I also received very little training going into this. My supervisors only instructions were for me to stand on the left hand side of the door in the morning as that was where the shade was! I found out later the bank had been robbed twice in the last year.

    I've also been given zero training in how to subdue someone who becomes physical with me or a customer or employee. Personally I think some basic grappling or wrist or elbow locks would be very helpful rather then just punching out some guy who takes a swing at me.

    And there's been learning to deal with high school kids and drunks who occasionally raze me. My approach has been friendly and non confrontational with both and that approach has worked SO FAR. It probably doesn't hurt that I'm fairly tall (6'3").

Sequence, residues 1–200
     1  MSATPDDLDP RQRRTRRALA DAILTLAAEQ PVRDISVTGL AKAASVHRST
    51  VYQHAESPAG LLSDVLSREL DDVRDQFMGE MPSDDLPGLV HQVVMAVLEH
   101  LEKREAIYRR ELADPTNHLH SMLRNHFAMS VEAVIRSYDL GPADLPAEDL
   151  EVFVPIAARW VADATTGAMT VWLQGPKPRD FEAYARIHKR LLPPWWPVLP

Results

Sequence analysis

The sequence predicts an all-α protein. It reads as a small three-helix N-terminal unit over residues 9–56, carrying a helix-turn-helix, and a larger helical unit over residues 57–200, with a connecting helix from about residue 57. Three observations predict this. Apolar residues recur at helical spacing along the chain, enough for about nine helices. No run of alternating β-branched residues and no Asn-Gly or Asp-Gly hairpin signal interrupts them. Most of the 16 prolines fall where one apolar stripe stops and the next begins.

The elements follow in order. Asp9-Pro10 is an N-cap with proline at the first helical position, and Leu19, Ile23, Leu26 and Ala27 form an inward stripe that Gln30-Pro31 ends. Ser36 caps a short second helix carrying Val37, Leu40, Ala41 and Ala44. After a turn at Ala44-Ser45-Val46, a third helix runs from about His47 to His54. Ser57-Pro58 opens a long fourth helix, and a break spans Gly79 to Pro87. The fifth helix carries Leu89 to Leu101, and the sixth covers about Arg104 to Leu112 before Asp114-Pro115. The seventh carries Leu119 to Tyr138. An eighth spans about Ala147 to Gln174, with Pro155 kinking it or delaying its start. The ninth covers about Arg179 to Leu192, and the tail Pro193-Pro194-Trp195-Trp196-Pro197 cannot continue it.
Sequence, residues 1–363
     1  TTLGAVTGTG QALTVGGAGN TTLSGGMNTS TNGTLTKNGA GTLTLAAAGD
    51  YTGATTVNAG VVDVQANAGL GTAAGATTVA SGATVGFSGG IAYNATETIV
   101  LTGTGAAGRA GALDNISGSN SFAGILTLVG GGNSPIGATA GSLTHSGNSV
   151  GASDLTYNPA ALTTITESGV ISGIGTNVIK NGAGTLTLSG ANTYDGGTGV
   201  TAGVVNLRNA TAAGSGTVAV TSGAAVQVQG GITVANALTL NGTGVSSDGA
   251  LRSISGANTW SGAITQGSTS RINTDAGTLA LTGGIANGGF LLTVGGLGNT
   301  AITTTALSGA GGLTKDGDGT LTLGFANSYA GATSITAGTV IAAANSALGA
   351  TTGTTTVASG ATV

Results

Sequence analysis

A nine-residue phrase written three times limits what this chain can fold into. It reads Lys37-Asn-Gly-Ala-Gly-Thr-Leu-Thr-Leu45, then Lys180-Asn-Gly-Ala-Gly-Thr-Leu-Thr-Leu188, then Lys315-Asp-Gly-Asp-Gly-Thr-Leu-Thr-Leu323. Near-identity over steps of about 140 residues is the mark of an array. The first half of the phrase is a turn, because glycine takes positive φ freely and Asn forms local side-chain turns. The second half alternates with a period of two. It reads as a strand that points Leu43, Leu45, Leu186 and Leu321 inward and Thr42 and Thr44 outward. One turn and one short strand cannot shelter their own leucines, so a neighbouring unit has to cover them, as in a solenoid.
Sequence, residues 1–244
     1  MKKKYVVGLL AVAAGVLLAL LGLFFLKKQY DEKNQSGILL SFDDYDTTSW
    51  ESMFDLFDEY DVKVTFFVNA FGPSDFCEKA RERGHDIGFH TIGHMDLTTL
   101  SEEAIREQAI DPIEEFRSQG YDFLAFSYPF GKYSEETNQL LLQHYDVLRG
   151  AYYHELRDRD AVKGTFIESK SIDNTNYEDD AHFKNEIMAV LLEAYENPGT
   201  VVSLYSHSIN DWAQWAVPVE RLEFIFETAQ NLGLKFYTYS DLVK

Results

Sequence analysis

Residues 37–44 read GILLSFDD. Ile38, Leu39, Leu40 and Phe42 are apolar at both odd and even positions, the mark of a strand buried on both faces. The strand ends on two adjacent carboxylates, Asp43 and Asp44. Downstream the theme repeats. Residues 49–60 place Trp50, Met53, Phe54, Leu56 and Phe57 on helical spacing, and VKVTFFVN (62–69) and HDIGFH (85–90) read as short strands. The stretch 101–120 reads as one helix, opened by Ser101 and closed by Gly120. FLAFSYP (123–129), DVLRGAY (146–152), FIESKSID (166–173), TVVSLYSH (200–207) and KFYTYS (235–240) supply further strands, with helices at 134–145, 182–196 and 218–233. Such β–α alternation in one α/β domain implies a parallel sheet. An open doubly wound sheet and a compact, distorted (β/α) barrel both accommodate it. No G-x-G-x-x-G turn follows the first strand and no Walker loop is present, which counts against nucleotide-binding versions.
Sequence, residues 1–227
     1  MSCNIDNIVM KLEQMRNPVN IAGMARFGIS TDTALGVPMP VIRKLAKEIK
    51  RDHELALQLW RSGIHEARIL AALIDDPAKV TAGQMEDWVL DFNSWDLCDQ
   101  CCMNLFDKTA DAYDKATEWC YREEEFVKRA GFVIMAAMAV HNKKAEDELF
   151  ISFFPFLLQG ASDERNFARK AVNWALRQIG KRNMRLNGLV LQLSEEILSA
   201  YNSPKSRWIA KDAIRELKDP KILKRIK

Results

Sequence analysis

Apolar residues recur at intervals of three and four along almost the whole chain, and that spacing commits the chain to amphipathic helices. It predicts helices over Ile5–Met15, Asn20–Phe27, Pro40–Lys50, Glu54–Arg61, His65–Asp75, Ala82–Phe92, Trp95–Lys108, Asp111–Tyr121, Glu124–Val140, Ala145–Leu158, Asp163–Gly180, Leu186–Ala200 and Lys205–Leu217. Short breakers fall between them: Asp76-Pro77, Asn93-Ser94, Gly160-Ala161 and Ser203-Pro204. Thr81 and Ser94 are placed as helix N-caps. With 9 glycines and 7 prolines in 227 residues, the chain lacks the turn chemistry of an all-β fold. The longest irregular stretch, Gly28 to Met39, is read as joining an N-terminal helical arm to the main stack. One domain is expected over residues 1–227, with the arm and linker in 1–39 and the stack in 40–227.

There's many aspects of the job I like. I get more respect then if I was bagging groceries, I don't have a nervous supervisor staring over my shoulder as I work, I don't have to learn new software every other week, I don't have constant impossible to meet deadlines to deal with, and, well I could easily go on. Of course the big drawback is (besides getting shot), the low pay. It's true I get more respect then the kid bagging groceries, but he's probably making more money then I am! least at my current contract company.

    And my wife likes how I look in the uniform and tie.

  • #2
    Find out from your company what your duties are, specifically. As in, ask to see a copy of your post orders.

    If you are there to protect property only, then you don't have to lift a finger to stop anyone from hurting anyone else. Your company may be sued because you failed to act, but in court, its their problem - your orders were to protect property only.